However, each team member also plays a key role in this process. Each employee must reflect on how they can contribute to making their working environment happier, both for themselves and for their colleagues. This individual responsibility can manifest itself in daily actions, such as fostering a positive environment, practising empathy and working collaboratively. By taking a proactive approach to happiness at work, employees not only improve their own well-being, but also contribute to the flourishing of a healthier and more productive work environment overall.
Seven effective tips to boost your motivation in the office
I have compiled from various articles and reformulated in my own style seven tips that I found interesting for keeping motivation high in the office. Moreover, they are recommendations that can be implemented immediately.
1. The power of breaks: recharging energy for a more productive day
It is essential that you take breaks throughout the day. It is not possible to maintain a state of contentment if we cannot take a break during the 8 hours of work. Make the most of those minutes to get out and get some fresh air; your mind will thank you for it and you will come back with renewed energy and enthusiasm to continue.
2. Switch off autopilot: Achieve clarity and purpose in your working day.
It is common to observe how work becomes just another routine in our lives, and at the end of the day we find ourselves without a clear understanding of our activities. For this reason, I suggest you switch off the autopilot and start setting goals. It is essential to set professional goals that are tangible and, above all, achievable. This will not only boost your motivation, but also fuel your enthusiasm for your career.
3. The art of saying “No”: Keys to setting limits and being more productive
Setting limits on your workload is an essential skill. Although saying “no” can sometimes seem challenging, embracing the ability to accept only the amount of work you can actually handle has significant benefits. By setting limits, you will not only gain more time for yourself, but you will also experience an increase in your productivity and efficiency.
Consciously deciding how much you can take on ensures that you focus on the most important tasks and allows you to get quality work done. In addition, learning to say “no” when necessary not only preserves your time, but also safeguards your mental and physical well-being.
4. Productivity secrets: efficient organisation for your workspace
Organisation is essential, whether it’s managing your tasks or tidying up your space. For this reason, I suggest you dedicate a few minutes a day to clean and organise both your work environment and your email inbox. Also, planning for the day ahead is key. Knowing what tasks you will do, when you will tackle them and having a structured plan helps you avoid wasting unnecessary time.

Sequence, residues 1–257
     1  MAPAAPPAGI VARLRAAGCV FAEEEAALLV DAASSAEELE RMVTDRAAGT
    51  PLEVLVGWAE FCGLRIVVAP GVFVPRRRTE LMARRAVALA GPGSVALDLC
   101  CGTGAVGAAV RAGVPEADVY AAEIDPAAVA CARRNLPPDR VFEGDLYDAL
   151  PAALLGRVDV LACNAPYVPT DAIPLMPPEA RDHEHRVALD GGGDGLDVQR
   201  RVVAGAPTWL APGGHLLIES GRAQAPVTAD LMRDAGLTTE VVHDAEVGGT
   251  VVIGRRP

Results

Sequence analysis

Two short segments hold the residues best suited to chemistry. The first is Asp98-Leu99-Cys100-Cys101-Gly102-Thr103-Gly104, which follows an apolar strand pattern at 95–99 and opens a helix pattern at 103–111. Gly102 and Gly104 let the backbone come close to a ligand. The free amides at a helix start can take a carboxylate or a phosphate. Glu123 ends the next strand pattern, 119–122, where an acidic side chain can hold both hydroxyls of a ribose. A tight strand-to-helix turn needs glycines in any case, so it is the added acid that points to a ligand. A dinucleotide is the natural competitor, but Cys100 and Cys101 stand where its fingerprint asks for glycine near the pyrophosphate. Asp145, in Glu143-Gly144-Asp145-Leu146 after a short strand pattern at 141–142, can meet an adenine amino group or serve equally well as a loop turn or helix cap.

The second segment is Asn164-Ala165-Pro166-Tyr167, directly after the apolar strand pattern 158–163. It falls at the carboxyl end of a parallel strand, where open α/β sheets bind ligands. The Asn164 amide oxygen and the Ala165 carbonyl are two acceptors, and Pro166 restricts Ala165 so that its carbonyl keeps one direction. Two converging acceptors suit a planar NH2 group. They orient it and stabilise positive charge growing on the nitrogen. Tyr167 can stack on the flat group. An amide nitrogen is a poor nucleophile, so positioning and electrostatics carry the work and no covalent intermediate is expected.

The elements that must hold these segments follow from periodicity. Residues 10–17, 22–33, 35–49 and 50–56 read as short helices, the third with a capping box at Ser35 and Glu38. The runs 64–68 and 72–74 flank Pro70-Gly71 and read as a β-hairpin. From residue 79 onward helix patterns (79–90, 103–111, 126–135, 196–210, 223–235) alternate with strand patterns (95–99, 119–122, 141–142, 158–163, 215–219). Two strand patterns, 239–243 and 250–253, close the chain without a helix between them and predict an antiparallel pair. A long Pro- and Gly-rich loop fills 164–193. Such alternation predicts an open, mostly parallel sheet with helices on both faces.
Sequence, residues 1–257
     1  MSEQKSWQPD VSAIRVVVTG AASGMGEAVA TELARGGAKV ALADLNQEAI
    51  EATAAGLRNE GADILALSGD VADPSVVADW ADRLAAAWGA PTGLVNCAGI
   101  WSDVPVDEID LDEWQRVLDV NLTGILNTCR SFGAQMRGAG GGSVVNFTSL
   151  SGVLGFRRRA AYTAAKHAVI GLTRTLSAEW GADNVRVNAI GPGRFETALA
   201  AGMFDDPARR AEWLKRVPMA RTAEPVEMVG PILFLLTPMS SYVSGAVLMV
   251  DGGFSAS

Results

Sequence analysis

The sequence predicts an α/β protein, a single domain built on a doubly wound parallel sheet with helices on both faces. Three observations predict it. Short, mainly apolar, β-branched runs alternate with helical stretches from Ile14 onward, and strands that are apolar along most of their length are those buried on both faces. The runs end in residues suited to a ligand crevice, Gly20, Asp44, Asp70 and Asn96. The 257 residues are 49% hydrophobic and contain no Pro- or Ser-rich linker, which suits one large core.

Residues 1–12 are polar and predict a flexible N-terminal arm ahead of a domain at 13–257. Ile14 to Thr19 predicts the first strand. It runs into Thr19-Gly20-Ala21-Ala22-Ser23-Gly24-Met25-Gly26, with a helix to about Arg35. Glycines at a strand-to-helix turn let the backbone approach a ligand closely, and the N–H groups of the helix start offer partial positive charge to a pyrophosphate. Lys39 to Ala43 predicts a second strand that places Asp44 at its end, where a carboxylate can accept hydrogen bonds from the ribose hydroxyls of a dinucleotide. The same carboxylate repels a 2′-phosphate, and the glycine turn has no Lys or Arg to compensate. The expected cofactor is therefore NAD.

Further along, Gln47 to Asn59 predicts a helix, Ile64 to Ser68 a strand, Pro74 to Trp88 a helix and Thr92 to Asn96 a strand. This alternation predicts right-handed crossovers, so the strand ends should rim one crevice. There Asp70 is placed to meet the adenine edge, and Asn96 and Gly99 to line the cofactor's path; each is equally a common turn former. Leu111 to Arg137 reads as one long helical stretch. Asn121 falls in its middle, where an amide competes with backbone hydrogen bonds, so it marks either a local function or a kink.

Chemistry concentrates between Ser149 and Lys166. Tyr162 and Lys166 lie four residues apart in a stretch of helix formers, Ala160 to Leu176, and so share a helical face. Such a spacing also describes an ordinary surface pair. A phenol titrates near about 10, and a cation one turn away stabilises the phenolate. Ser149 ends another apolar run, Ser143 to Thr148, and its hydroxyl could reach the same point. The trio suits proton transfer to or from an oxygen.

5. Success at work: The magic of connecting with colleagues
Human relationships are a crucial component of experiencing happiness, and this is equally applicable in the work environment. Cultivating genuine connections with your colleagues goes beyond simply sharing a workspace. The ability to connect on a personal level, exchange laughter and share experiences not only contributes to a positive work environment, but also has a significant impact on emotional well-being and the overall perception of the working day.
Sharing joyful moments and positive experiences with your colleagues not only improves the atmosphere in the workplace, but can also strengthen the bonds between team members. The ability to find joy and satisfaction at work comes not only from the nature of the tasks performed, but also from the meaningful relationships that are built over time.
6. Beyond individual work: enhance the collective value
Keep in mind that, although you may sometimes carry out tasks individually, the value of your work is framed in a collective context. For this reason, seek daily support from your colleagues and contribute to collaboration. It is not just about asking for feedback on a project, but also about sharing your needs, challenges and reflections with the team. This approach will contribute to a better working environment and make you feel more comfortable and satisfied in your work.
7. Don’t rely on external praise: Discover the power of internal recognition
Although it is gratifying to receive recognition from your colleagues and/or boss for your work, I strongly recommend that you do not always depend on it, as you may experience disappointment. Ideally, you should be the one who values your daily efforts the most and be aware of the importance of your work, both for your professional development and for the success of the company you work for.